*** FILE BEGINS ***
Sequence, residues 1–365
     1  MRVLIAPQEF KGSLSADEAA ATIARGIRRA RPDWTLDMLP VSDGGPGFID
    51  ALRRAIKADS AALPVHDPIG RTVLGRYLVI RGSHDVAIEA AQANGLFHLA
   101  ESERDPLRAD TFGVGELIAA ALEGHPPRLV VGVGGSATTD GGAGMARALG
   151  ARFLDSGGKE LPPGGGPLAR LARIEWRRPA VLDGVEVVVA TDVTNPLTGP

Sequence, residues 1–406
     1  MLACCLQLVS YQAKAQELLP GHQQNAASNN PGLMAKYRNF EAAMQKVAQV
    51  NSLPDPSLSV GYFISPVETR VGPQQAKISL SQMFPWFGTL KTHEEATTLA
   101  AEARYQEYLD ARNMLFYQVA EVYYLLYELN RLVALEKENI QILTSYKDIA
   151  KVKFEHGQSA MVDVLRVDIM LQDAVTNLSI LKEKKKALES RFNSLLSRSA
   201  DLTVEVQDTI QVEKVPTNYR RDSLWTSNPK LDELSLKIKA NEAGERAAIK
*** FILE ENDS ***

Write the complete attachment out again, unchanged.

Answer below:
Sequence, residues 1–365
     1  MRVLIAPQEF KGSLSADEAA ATIARGIRRA RPDWTLDMLP VSDGGPGFID
    51  ALRRAIKADS AALPVHDPIG RTVLGRYLVI RGSHDVAIEA AQANGLFHLA
   101  ESERDPLRAD TFGVGELIAA ALEGHPPRLV VGVGGSATTD GGAGMARALG
   151  ARFLDSGGKE LPPGGGPLAR LARIEWRRPA VLDGVEVVVA TDVTNPLTGP

Sequence, residues 1–406
     1  MLACCLQLVS YQAKAQELLP GHQQNAASNN PGLMAKYRNF EAAMQKVAQV
    51  NSLPDPSLSV GYFISPVETR VGPQQAKISL SQMFPWFGTL KTHEEATTLA
   101  AEARYQEYLD ARNMLFYQVA EVYYLLYELN RLVALEKENI QILTSYKDIA
   151  KVKFEHGQSA MVDVLRVDIM LQDAVTNLSI LKEKKKALES RFNSLLSRSA
   201  DLTVEVQDTI QVEKVPTNYR RDSLWTSNPK LDELSLKIKA NEAGERAAIK